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Margaret T.G. Burroughs

Born: November 1, 1915 in St. Rose, Louisiana
Died: November 21, 2010 in Chicago, Illinois

Pen Name: None

Connection to Illinois: Burroughs' family moved to Chicago, Illinois when she was five years old. She was raised and educated on the South side of Chicago and graduated from Englewood High School in 1933 and Chicago Teachers College in 1937. She lived in Chicago the rest of her life.

Biography: Burroughs was a prominent African American poet, visual artist, writer, educator, and arts organizer. She was a co-founder of the DuSable Museum of African American History and helped to establish the South Side Community Art Center in Chicago, Illinois. She was born Margaret Taylor and moved to Chicago with her family when she was five years old. She attended the public schools of Chicago, including the Chicago Teacher's College. In 1946, she received a BA in education and in 1948, an MA in education from the Art Institute of Chicago. From 1940 to 1968, she was a teacher in the Chicago public schools and in 1969, she worked as a professor of humanities at Kennedy-King College in Chicago for the next ten years.Burroughs began her writing career by penning articles and reviews for the Associated Negro Press, founded and directed by Claude Barnett. Her work as an educator led her into writing for children. Her works in this category include ''Jasper, the Drummin’ Boy'' and the anthology ''Did You Feed My Cow?''. Burroughs has made a distinctive contribution as a poet and as an editor of poets. The bulk of her poems are published in the volumes ''What Shall I Tell My Children Who Are Black?'' and ''Africa, My Africa''. Her most notable work as an editor was her collaboration with Dudley Randall in the production of the commemorative volume ''For Malcolm: Poems on the Life and Death of Malcolm X''.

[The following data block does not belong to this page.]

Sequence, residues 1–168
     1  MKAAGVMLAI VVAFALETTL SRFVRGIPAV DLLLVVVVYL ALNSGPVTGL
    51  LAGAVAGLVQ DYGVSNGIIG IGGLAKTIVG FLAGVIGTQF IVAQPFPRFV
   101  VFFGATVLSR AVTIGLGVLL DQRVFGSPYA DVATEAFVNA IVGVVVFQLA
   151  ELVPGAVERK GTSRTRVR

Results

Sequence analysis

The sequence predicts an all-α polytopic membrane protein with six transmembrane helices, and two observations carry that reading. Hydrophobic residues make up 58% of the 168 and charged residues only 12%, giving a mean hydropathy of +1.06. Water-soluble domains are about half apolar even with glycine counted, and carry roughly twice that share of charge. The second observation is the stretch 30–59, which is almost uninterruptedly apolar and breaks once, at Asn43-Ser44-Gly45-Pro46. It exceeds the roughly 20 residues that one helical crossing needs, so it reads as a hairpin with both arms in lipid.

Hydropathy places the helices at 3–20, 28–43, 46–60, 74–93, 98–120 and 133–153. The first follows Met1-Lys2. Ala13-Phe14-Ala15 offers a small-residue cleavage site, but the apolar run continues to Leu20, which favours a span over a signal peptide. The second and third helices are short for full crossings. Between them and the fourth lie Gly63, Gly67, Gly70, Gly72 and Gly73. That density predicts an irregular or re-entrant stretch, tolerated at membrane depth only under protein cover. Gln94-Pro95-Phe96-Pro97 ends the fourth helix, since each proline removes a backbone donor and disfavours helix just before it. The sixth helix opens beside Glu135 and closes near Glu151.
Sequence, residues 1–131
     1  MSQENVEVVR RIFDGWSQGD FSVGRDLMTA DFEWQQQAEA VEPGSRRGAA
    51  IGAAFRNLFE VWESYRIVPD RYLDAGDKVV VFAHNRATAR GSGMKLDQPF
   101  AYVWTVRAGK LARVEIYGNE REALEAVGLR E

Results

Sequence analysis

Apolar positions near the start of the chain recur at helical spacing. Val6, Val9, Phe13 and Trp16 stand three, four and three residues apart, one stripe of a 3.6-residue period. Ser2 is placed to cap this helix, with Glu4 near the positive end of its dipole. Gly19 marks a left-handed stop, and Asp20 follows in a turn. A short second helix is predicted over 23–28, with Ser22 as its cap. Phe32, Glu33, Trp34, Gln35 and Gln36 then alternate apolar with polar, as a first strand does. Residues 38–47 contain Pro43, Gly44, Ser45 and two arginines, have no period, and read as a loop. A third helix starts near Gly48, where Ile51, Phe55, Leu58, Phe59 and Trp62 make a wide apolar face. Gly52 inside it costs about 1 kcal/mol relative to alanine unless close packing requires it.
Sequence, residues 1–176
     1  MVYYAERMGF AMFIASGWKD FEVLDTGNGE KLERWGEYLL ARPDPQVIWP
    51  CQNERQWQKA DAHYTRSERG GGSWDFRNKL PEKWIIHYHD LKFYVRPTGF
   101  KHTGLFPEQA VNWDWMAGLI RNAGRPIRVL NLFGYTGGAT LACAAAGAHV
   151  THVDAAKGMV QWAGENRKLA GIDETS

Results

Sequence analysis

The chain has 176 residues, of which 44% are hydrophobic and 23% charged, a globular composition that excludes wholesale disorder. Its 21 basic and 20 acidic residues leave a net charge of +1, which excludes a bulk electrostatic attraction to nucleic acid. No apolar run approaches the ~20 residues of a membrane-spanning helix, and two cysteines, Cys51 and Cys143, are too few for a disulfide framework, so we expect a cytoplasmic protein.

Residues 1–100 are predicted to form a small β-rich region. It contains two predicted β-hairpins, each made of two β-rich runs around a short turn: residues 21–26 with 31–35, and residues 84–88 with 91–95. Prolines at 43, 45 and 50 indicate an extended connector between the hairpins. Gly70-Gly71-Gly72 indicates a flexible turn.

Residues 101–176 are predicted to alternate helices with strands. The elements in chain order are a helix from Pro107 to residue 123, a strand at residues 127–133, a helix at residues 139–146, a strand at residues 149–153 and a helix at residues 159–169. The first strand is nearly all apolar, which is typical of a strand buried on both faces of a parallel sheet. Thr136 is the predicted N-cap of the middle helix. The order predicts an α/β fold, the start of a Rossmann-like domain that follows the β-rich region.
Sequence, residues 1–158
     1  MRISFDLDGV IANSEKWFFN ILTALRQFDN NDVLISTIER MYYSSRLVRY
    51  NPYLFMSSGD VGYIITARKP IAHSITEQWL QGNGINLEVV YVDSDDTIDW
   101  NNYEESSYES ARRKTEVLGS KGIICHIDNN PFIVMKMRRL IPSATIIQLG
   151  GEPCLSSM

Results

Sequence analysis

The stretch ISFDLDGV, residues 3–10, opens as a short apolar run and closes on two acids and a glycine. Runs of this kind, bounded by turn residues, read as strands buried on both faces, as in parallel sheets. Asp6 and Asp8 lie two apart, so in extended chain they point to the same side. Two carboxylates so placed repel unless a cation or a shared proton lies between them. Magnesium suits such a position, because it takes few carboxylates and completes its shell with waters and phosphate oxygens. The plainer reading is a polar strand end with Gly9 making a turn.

• -- Chicago Literary Hall of Fame, 2015

Primary Literary Genre(s): Non-Fiction; Poetry

Primary Audience(s): Adult readers


Selected Titles

Humanist and Glad To Be

The Tallest Tree in the Forest